11:05am: Boone said this morning at Yankees camp that Severino will travel to New York and undergo another series of tests on Monday (Twitter link via The Athletic’s Lindsey Adler).
February 21, 9:10am: A pair of MRIs and a CT scan have all come back negative, general manager Brian Cashman told reporters yesterday (video link via MLB.com). For now, Severino has been placed on a new anti-inflammatory and will be reevaluated in a few days’ time.
February 20: In yet another bit of troubling injury news for Yankees fans, manager Aaron Boone revealed Thursday that right-hander Luis Severino is experiencing forearm soreness that dates all the way back to his final ALCS appearance in 2019 (Twitter links via MLB.com’s Bryan Hoch). Severino also has a loose body in his elbow, per Boone. He’ll be shut down for at least the next few days and will be examined by team physician Dr. Chris Ahmad tomorrow. Asked if Severino would be ready for Opening Day, Boone could only reply, “We’ll see.”
While tomorrow’s doctor visit will shed more light on the specifics of Severino’s issue, obviously this isn’t at all how the righty hoped to begin his Spring Training, especially not in the wake of what was essentially a lost 2019 season. Severino pitched only 20 1/3 total innings (12 in the regular season, 8 1/3 in the postseason) last year after a shoulder injury and then a lat strain kept him from making his season debut until September 17.
Any mention of a forearm injury also raises the specter of Tommy John surgery, the worst-case scenario that would sideline Severino until Opening Day 2021 at the earliest. Back in 2016 (and on the updated list in 2017), MLBTR contributor Bradley Woodrum created a model for predicting what pitchers are the largest risks for TJ surgeries, with Severino ranking as having a better-than-average chance at a future procedure in both rankings.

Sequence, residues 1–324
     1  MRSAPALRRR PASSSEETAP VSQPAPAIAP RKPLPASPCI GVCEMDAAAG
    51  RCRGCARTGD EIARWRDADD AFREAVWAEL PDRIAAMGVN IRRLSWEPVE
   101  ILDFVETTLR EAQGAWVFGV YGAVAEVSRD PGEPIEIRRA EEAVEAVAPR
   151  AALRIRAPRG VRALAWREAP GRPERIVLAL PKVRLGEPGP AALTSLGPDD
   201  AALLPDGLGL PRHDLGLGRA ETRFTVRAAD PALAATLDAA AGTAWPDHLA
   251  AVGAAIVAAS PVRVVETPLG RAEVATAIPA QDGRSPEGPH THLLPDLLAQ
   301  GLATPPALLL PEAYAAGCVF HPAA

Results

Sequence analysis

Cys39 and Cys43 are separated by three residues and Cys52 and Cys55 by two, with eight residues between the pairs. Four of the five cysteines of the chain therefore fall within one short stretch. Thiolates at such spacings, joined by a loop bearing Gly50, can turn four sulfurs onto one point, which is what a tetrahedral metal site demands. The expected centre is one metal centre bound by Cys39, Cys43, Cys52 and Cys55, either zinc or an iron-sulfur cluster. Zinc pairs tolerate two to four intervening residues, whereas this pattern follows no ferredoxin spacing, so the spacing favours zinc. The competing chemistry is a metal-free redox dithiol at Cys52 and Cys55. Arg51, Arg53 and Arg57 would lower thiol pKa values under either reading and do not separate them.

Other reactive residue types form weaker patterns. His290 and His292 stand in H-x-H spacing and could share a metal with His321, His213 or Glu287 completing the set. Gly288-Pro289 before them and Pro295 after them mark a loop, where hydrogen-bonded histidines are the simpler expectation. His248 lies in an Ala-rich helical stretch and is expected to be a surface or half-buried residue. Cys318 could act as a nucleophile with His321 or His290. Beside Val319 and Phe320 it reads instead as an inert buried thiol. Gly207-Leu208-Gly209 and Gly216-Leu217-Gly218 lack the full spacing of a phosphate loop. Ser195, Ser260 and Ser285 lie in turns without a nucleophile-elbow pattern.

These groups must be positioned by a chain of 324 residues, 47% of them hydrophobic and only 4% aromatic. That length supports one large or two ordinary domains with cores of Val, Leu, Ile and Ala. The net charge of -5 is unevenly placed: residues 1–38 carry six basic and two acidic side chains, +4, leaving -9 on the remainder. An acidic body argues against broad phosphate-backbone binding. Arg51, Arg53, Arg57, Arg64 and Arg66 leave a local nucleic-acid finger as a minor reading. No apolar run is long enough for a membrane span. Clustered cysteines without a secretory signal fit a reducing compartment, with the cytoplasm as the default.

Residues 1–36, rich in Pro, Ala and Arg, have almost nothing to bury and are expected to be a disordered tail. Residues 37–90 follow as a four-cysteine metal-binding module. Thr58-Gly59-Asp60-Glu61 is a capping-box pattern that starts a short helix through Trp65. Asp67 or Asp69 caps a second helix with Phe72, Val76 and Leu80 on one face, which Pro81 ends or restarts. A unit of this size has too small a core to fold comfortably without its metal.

It was a little over one year ago that Severino signed a four-year, $40MM extension that has yet to yield any return for the Yankees. The deal covered Severino’s four arbitration-eligible years (and, via a club option for 2023, the first of his free-agent seasons) so the Yankees gained some cost certainty with the extension, though it did boost the right-hander’s luxury tax number over the course of the next four seasons. While a $10MM average annual value is small potatoes for a big-market team like New York, every extra dollar is impactful for Competitive Balance Tax purposes, considering the Yankees were over the luxury tax threshold in 2019 and are currently projected to soar well over the highest luxury tax penalty threshold of $248MM in 2020.
With James Paxton already out of action until at least May, the Yankees’ rotation would take a further hit if Severino is required to miss any time. Gerrit Cole, Masahiro Tanaka, J.A. Happ are the projected top three in the rotation, with a group that consists of Jordan Montgomery, Luis Cessa, Deivi Garcia, Michael King, and Jonathan Loaisiga now potentially battling for two rotation spots, rather than just the fifth starter’s role in Paxton’s absence.